"I'd blow off school to go skate"
Guy' story, part 1/3
(1/3) “I’d blow off school to go skate. My dream was to get good enough to go Pro. When we moved to California, I joined Skatelab. Many of those kids were homeschooled and spent their time skating. They were all much better than me. I’d bring up homeschooling with my parents, but they would just laugh. In my Mom’s mind, she’d have to teach me. She worried that it would take up her time and that I wouldn’t get a good education.
I kept asking my parents, ‘How can I get really good at skating if I have to focus on things I don’t care about?’ and, ‘Didn’t you ever have a dream?’ I wanted to do this more than anything else. I felt I had potential. They saw it too.
Finally, they agreed. It helped that I had found options that didn’t require effort on their part. I started independent study at Oak Park. Every week, I got a package of material to work on. If I wanted to keep skating, I had to keep up with my schoolwork. I grew to enjoy school more, due to electives like art history, cooking, and music. My grades went up.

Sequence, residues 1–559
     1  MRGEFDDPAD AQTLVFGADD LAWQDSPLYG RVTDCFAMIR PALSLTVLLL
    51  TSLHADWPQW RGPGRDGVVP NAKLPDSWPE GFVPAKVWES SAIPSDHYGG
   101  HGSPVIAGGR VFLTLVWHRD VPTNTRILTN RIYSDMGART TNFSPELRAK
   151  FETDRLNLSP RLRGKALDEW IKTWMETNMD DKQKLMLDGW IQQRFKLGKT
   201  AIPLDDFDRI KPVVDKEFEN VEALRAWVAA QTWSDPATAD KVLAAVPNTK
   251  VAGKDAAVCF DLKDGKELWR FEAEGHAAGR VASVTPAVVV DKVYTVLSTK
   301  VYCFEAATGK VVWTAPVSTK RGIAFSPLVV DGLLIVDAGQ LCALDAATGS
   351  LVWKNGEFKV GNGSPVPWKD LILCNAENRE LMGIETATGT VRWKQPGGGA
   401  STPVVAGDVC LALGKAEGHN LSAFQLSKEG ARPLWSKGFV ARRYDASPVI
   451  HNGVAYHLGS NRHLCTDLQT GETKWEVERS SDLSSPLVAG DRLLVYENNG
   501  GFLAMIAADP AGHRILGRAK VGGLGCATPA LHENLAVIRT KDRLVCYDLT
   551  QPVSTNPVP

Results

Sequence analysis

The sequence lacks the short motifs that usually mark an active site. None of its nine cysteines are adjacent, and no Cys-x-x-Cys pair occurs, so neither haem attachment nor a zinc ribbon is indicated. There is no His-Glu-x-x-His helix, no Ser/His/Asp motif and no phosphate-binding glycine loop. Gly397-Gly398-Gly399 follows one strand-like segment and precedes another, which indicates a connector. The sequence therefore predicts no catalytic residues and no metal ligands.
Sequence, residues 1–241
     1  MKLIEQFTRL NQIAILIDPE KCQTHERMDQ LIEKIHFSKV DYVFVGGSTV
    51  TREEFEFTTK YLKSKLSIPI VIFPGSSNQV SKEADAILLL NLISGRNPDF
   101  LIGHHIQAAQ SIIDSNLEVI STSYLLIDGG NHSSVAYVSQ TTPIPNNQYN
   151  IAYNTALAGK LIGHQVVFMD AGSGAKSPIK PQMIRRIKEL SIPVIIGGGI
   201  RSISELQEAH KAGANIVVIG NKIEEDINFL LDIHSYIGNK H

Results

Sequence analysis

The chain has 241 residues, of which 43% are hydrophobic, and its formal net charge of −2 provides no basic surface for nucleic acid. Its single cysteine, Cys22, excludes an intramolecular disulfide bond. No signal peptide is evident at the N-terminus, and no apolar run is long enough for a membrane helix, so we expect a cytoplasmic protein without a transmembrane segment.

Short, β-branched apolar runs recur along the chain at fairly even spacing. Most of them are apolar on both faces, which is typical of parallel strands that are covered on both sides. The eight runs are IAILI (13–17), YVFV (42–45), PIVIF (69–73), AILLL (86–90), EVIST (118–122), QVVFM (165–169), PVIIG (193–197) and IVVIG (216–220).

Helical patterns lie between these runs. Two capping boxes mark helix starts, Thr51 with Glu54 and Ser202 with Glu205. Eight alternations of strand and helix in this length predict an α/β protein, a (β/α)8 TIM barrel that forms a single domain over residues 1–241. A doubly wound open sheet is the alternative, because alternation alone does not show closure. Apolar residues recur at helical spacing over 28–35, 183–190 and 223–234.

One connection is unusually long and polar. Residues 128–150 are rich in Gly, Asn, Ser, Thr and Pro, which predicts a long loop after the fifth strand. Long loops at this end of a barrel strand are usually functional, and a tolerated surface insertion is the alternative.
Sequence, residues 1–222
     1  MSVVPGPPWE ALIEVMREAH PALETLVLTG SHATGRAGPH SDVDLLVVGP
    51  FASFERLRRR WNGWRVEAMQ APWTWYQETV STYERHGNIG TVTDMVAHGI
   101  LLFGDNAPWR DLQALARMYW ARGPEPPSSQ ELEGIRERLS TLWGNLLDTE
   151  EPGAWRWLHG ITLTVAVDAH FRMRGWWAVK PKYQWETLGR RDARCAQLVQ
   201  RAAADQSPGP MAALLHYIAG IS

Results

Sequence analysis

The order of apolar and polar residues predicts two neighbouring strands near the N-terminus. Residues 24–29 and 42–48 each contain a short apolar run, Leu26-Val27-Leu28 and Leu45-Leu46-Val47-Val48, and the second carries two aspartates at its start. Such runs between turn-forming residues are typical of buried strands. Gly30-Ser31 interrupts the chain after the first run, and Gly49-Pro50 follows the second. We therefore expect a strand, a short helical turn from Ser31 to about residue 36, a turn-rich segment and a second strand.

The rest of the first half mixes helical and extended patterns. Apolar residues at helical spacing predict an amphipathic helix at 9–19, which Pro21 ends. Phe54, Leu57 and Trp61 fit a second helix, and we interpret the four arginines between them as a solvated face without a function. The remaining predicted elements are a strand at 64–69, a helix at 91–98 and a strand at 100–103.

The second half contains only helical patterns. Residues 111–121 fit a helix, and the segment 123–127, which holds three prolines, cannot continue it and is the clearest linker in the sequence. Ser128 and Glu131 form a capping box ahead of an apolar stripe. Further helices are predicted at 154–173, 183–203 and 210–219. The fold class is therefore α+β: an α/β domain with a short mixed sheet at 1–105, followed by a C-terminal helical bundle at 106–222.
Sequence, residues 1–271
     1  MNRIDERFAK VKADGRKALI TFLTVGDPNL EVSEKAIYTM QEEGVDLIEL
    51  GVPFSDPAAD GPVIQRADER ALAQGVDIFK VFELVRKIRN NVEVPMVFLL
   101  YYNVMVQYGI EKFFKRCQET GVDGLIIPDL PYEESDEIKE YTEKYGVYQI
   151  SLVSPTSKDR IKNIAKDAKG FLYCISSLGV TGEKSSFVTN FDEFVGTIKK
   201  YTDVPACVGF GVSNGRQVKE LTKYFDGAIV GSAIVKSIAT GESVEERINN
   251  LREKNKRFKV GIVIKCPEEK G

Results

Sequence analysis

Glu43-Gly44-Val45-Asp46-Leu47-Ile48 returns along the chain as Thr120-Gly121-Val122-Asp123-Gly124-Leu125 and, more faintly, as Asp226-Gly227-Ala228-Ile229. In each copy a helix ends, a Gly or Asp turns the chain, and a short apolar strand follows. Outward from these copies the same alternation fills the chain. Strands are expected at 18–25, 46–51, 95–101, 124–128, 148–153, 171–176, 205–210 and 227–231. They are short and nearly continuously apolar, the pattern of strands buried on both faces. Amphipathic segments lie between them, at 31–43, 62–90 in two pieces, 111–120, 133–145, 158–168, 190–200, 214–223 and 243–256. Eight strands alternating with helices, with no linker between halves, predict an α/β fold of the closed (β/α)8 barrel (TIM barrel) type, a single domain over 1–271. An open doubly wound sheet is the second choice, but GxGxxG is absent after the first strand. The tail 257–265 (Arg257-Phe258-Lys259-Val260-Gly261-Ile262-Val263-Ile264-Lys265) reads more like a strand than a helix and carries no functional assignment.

My skating improved a lot, all due to practice. I’d go downtown and skate at the parks where the Pros were. The way to progress in this world is to film street spots called parts. You send them to companies via Instagram or email. At first, you’re Flow: you get free stuff, like boards, clothes, or shoes. It’s publicity for them. Then you’re Amateur, which means you join their skate team, get some coverage, and maybe get paid for photos that are published. Then there’s Pro. Your name goes on a board, you have your own shoe model, you get royalties. But to go Pro, you need a big following.
I graduated in 2019. I was skating a lot, but I wasn’t even Flow yet. At times I’d get down on myself that it wasn’t happening fast enough. I debated how I would know if I wasn’t succeeding: I think it would be if I were doing the same thing all the time. I’d never call it quits though. I’d keep trying to find ways to make a living in the industry: photography, video editing, warehouse work, gear sales, or team management.
But I haven’t had to look at those options yet. That summer, I filmed some parts and sent them to the industry. And I started getting interest.”
How do you know if you are succeeding? Share in comments!
Stay tuned for part 2 later this week.